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adapting to change

Winter light in Sweden

by Andrea
December 25, 2012

Today is Christmas Day and I am writing from above the Arctic Circle. Yes, true. I am visiting Gällivare, Sweden to celebrate the holidays with the family of my daughter's boyfriend. Swedish style holidays - with short days and long nights. The days are filled with the light of dawn for only about 5 hours. The sun never makes it above the horizon before that beautiful dawn light disappears into darkness. With an average temperature of -30C, pristine white snow blankets the area with silence.

I am struck by many things here, but one in particular is the constantly changing landscapes of many neighborhoods. Gällivare is a mining town, and the mines grow bigger, wider and deeper over time. Because of this, entire neighborhoods sometimes need to be evacuated; homes are either demolished and rebuilt elsewhere, or when possible, lifted up lock-stock-and-barrel and moved. I find myself shuttering over this, wondering how everyone feels about this. How do people adapt to being uprooted from their homes, neighborhoods, and familiar surrounds? An almost primal voice surges up from within, "Not my home!". And yet, the rugged people of this Swedish village know that they have to accept and adapt, as the mines are their livelihoods. I was told that those who don’t may become bitter.

It was not long ago that I had my own confrontation with giving up home. Not my own home, but my mother’s. It was difficult. The discussion of assisted living did not go in very easily, and I was admittedly the holdout amongst my siblings. I wanted to respect my mother’s wish to be at home till the end, and I questioned if she would have the strength to adapt to such a big change. Would the disruption crush her spirit? Would she feel betrayed by all of us? And of course there were my own attachments to my mother’s home and all the things she loved, which held meaning and memories.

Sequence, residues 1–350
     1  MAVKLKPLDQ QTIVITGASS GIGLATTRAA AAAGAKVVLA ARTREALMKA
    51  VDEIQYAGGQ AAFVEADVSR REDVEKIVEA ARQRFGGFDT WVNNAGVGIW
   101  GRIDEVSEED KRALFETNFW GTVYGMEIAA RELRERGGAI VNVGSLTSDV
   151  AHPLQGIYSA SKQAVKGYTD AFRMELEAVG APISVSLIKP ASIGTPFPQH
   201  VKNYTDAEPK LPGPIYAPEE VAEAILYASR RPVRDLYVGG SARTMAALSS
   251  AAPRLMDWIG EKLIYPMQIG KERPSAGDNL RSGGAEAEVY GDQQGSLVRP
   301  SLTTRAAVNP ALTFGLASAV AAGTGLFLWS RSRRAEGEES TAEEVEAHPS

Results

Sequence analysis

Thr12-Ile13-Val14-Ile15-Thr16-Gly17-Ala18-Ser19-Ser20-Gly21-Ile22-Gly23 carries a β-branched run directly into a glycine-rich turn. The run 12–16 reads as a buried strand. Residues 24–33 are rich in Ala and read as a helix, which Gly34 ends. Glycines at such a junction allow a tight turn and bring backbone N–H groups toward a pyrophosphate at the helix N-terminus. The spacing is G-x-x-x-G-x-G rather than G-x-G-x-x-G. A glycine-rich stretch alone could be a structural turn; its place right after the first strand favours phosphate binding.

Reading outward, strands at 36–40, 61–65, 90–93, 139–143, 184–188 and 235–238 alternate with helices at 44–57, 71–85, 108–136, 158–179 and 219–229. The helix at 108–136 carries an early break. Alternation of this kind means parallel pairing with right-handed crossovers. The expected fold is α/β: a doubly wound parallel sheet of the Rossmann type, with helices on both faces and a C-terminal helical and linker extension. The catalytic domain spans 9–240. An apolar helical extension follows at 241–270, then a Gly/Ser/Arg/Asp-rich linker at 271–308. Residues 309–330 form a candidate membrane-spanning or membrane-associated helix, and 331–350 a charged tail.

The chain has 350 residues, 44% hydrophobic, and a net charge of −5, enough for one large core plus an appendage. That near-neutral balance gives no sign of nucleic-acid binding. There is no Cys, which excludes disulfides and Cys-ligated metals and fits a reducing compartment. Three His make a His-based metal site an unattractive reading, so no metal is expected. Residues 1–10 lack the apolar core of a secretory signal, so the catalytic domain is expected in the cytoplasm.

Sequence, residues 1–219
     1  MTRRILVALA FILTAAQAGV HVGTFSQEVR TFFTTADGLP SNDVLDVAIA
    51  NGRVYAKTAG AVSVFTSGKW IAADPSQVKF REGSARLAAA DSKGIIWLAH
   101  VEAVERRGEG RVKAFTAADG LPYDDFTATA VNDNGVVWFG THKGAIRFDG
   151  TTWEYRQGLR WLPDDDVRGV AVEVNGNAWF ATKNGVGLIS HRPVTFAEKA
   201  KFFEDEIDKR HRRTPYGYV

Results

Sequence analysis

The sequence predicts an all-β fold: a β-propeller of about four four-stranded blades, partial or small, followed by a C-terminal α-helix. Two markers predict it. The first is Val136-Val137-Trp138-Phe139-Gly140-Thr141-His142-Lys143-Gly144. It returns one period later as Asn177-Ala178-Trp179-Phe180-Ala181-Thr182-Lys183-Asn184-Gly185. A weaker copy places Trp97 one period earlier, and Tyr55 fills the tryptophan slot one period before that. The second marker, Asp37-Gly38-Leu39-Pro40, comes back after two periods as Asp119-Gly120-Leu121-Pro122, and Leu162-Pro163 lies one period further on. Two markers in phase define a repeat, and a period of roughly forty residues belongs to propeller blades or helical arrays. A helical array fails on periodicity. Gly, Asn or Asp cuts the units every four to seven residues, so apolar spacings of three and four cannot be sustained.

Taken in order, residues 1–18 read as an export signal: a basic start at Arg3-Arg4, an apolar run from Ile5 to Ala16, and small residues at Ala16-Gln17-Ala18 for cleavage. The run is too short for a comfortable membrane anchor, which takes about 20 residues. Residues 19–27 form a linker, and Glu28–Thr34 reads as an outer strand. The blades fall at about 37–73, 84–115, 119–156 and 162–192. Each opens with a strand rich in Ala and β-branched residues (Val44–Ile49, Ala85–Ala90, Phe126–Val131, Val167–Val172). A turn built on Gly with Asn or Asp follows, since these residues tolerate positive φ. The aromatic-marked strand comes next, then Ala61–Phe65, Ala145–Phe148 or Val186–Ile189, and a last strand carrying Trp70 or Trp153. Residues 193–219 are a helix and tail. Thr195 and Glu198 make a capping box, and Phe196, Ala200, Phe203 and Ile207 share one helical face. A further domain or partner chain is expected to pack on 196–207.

I fought to keep her at home. But eventually every scenario I came up with fell apart. Not rational, not practical, not affordable, not reliably safe enough. At one point it was clear - it was time to let go and put my trust in the good reasoning of my siblings. Then things moved very fast. With my mother still in rehab from her recent fall, we shared with her our concern for her living alone. When we asked if she would be willing to consider assisted living, she paused, struggled to consider this, and then said she did not feel capable of making such a decision at this time. I don't think there could have been a more honest answer, and in that moment we realized she was leaving this choice - and her future - in our hands. 

Letting go of my mother’s home was not easy. But just as the families of Gällivare have to accept and adapt, so did I - and so did my siblings. But most importantly, so did my mother. With the support of all of us, she has transitioned to her new assisted-living community with grace. After one month she has proven to all of us that human beings can adapt to big change, even at the fragile age of 94! 

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